Trishna Patel

Investigating the antiviral effects and mechanism of action of cyclodextrins against SARS-CoV-2 pathogenesis

The recent COVID-19 pandemic, caused by the novel coronavirus (SARS-CoV-2), has catalyzed a global public health crisis, and effective therapeutics as well as a deeper understanding of the mechanism of severe disease induced by SARS-CoV-2 infections are desperately needed. Severe cases of COVID-19 are associated with vascular leak in the lungs of infected individuals, a similar pathology to that of flaviviruses, for which preliminary research has shown that synthetic sulfated glycans may function as potential antivirals. In particular, cyclodextrins, a family of cyclic oligosaccharides with potential use as active pharmaceuticals, are promising candidates for efficacy against SARS-CoV-2 infection and vascular leak. Coronaviruses interact with heparan sulfate-containing proteoglycans on the surface of susceptible cells, which serve as non-specific attachment factors. Specifically, the SARS-CoV-2 S protein binds heparin on the host cell surface, making this cellular attachment stage a potential target for antiviral therapeutics before pathology is triggered in the lungs. This summer, I will be investigating specific cyclodextrins for their ability to either directly target the SARS-CoV-2 virus or block attachment to the host cell surface.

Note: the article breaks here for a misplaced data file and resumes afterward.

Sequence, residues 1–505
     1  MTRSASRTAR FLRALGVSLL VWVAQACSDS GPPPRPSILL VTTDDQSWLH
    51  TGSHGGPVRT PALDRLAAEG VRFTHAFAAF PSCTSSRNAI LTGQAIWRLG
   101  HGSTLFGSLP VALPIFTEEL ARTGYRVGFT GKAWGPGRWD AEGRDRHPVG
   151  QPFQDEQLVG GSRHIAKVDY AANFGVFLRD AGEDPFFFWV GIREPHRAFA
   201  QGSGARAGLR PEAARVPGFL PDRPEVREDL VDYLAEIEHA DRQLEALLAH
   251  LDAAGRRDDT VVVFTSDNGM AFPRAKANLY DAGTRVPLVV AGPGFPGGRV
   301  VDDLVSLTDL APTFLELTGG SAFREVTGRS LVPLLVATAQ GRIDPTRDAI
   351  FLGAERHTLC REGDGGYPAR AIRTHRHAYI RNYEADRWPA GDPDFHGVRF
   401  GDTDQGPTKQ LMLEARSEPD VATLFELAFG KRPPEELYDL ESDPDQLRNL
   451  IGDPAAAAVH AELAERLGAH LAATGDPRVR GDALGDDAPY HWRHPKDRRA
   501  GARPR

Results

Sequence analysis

Message to Sponsor

I am beyond grateful for the opportunity I had this summer to conduct my research project and contribute to new findings amidst the Covid-19 pandemic. Working in the lab this past summer has definitely solidified my plans to apply to and attend graduate school in the future. I was always intimidated by the thought of one day conducting my own research, but through SURF, I gained more confidence in my ability to contribute valuable data to the scientific community. I learned and improved upon vital life skills such as troubleshooting failed experiments, adapting to new scenarios, critical thinking and analysis, and perseverance against all odds. Furthermore, the SURF fellowship has allowed me to further my interests in not only infectious diseases, but in the field of biomedical research as a whole, and opened my eyes to the myriad of possibilities within the field of biology. I would like to thank my SURF donor for supporting me in this process and giving me the tools and opportunities to pursue my passion for global public health and research.
  • Major: Molecular and Cell Biology, Cell and Developmental Biology
  • Sponsor: Rose Hills Experience
  • Mentor: Dr. Eva Harris